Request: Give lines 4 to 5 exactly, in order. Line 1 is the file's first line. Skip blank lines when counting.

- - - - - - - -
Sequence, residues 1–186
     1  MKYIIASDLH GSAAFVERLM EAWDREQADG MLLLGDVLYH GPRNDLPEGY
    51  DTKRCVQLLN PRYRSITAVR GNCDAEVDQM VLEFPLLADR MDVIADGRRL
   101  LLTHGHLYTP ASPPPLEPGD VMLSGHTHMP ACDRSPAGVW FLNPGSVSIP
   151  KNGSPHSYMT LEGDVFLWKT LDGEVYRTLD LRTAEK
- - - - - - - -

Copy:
   101  LLTHGHLYTP ASPPPLEPGD VMLSGHTHMP ACDRSPAGVW FLNPGSVSIP
   151  KNGSPHSYMT LEGDVFLWKT LDGEVYRTLD LRTAEK